:so the resulting space is T_{1} by each of the definitions above. This space is not T_{2}, because the Intersection (set theory), intersection of any two open sets $O\_A$ and $O\_B$ is $O\_A\; \backslash cap\; O\_B\; =\; O\_,$ which is never empty. Alternatively, the set of even integers is Compact set, compact but not Closed set, closed, which would be impossible in a Hausdorff space.
* The above example can be modified slightly to create the double-pointed cofinite topology, which is an example of an R_{0} space that is neither T_{1} nor R_{1}. Let $X$ be the set of integers again, and using the definition of $O\_A$ from the previous example, define a subbase of open sets $G\_x$ for any integer $x$ to be $G\_x\; =\; O\_$ if $x$ is an even number, and $G\_x\; =\; O\_$ if $x$ is odd. Then the Basis (topology), basis of the topology are given by finite Intersection (set theory), intersections of the subbasic sets: given a finite set $A,$the open sets of $X$ are
::$U\_A\; :=\; \backslash bigcap\_\; G\_x.$
:The resulting space is not T_{0} (and hence not T_{1}), because the points $x$ and $x\; +\; 1$ (for $x$ even) are topologically indistinguishable; but otherwise it is essentially equivalent to the previous example.
* The Zariski topology on an algebraic variety (over an algebraically closed field) is T_{1}. To see this, note that the singleton containing a point with local coordinates $\backslash left(c\_1,\; \backslash ldots,\; c\_n\backslash right)$ is the zero set of the polynomials $x\_1\; -\; c\_1,\; \backslash ldots,\; x\_n\; -\; c\_n.$ Thus, the point is closed. However, this example is well known as a space that is not Hausdorff space, Hausdorff (T_{2}). The Zariski topology is essentially an example of a cofinite topology.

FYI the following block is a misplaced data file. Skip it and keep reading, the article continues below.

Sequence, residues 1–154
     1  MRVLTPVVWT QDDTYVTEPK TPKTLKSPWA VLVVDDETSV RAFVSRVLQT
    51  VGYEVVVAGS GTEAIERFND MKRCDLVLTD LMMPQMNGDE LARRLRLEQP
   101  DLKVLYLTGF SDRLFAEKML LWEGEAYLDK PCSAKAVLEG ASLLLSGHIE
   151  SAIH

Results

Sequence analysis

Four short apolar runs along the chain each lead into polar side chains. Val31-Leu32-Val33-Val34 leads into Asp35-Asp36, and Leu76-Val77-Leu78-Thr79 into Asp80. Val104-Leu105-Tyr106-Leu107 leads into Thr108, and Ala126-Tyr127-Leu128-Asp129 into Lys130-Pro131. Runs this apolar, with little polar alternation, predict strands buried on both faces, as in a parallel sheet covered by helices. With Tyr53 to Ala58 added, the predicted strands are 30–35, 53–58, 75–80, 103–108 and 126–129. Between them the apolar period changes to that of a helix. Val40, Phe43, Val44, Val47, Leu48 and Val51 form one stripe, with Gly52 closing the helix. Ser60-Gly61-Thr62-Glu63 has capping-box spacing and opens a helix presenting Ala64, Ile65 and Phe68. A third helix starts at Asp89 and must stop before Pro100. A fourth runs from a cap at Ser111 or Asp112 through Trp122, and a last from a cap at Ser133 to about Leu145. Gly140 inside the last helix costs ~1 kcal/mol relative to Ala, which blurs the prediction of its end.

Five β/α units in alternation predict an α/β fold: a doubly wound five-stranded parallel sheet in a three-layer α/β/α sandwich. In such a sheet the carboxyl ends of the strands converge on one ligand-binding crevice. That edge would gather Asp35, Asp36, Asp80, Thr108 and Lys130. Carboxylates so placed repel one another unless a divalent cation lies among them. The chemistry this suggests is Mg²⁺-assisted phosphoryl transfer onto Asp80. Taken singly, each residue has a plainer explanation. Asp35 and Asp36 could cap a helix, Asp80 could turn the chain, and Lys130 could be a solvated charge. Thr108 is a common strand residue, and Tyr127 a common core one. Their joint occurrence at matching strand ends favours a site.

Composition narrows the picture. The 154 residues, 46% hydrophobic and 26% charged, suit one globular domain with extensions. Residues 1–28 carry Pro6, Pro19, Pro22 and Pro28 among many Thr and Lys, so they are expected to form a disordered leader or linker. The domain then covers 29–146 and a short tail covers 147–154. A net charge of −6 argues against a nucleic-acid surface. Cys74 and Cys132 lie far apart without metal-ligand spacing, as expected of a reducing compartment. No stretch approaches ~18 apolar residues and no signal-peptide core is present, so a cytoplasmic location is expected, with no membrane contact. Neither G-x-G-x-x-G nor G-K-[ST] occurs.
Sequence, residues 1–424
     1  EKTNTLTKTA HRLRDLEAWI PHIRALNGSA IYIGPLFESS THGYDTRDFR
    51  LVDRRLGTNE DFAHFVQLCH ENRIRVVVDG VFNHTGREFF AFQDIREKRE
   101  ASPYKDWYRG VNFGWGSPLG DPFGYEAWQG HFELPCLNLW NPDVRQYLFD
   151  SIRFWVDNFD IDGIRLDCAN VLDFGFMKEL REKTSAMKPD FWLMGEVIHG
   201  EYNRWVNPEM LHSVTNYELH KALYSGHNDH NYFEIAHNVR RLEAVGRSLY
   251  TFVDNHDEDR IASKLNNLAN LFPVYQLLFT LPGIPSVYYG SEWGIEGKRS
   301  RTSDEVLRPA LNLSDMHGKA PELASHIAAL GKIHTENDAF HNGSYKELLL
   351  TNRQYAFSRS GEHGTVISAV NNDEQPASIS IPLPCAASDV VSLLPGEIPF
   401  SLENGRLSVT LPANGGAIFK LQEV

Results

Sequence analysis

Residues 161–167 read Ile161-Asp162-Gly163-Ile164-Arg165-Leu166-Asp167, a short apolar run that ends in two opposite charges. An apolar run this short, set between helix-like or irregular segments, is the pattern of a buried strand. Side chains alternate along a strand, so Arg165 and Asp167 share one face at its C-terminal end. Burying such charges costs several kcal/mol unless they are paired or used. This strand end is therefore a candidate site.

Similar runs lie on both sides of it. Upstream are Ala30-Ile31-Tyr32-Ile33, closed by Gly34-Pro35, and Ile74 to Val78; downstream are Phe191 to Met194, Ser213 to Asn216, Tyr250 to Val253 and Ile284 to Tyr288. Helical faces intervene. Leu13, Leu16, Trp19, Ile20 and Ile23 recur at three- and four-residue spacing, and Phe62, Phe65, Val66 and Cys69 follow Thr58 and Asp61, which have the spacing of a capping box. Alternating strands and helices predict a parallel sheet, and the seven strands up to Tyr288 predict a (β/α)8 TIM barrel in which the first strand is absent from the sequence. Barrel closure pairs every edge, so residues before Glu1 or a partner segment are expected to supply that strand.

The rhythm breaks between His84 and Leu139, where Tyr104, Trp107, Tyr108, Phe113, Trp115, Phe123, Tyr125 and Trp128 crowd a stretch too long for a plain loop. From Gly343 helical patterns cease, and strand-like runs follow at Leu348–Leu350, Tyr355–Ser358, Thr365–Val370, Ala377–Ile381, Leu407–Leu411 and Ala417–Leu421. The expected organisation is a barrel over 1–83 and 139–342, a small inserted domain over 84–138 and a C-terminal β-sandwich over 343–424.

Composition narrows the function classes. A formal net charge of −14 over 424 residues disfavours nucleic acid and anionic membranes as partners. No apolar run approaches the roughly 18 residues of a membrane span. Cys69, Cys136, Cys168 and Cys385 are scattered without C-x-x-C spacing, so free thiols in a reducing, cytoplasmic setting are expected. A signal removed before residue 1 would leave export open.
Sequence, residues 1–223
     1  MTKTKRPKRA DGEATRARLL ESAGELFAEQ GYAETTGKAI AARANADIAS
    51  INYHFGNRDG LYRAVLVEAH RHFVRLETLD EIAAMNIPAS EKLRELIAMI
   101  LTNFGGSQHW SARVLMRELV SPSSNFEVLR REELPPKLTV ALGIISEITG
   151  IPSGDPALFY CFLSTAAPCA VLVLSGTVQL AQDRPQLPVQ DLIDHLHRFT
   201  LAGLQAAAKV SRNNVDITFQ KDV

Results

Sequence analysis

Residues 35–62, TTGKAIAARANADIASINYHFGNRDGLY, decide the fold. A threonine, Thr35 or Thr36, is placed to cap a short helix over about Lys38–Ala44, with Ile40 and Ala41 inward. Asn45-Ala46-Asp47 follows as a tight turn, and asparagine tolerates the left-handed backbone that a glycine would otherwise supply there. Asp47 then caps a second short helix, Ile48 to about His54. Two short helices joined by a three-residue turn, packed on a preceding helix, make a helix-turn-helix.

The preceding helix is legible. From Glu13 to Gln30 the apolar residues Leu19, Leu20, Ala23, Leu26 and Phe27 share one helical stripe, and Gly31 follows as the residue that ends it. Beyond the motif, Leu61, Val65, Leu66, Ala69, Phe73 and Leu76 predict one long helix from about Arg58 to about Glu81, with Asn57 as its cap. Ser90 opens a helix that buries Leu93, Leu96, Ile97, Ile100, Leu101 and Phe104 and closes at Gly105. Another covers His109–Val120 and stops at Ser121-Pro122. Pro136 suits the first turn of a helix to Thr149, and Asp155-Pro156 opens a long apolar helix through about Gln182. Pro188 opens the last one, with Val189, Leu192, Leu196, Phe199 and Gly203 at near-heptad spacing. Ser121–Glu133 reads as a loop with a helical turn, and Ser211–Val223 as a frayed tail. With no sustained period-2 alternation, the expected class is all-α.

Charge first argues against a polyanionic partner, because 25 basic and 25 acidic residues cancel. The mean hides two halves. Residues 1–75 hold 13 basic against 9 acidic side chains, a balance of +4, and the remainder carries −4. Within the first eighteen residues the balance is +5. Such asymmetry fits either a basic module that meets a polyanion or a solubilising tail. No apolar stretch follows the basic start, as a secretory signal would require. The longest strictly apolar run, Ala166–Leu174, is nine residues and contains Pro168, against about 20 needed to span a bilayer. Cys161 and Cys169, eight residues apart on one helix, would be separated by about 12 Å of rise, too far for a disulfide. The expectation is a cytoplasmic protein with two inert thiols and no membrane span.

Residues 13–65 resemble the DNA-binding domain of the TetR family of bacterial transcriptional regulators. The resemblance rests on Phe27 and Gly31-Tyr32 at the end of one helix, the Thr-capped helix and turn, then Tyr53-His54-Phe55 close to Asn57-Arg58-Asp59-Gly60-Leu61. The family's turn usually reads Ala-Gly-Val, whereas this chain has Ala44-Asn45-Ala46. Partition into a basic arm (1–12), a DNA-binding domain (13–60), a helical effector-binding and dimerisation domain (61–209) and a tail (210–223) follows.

* The Zariski topology on a commutative ring (that is, the prime spectrum of a ring) is T_{0} but not, in general, T_{1}.Arkhangel'skii (1990). ''See example 21, section 2.6.'' To see this, note that the closure of a one-point set is the set of all prime ideals that contain the point (and thus the topology is T_{0}). However, this closure is a maximal ideal, and the only closed points are the maximal ideals, and are thus not contained in any of the open sets of the topology, and thus the space does not satisfy axiom T_{1}. To be clear about this example: the Zariski topology for a commutative ring $A$ is given as follows: the topological space is the set $X$ of all prime ideals of $A.$ The base (topology), base of the topology is given by the open sets $O\_a$ of prime ideals that do contain $a\; \backslash in\; A.$ It is straightforward to verify that this indeed forms the basis: so $O\_a\; \backslash cap\; O\_b\; =\; O\_$ and $O\_0\; =\; \backslash varnothing$ and $O\_1\; =\; X.$ The closed sets of the Zariski topology are the sets of prime ideals that contain $a.$ Notice how this example differs subtly from the cofinite topology example, above: the points in the topology are not closed, in general, whereas in a T_{1} space, points are always closed.
* Every totally disconnected space is T_{1}, since every point is a Connected component (topology), connected component and therefore closed.

_{1}", "R_{0}", and their synonyms can also be applied to such variations of topological spaces as uniform spaces, Cauchy spaces, and convergence spaces.
The characteristic that unites the concept in all of these examples is that limits of fixed ultrafilters (or constant net (topology), nets) are unique (for T_{1} spaces) or unique up to topological indistinguishability (for R_{0} spaces).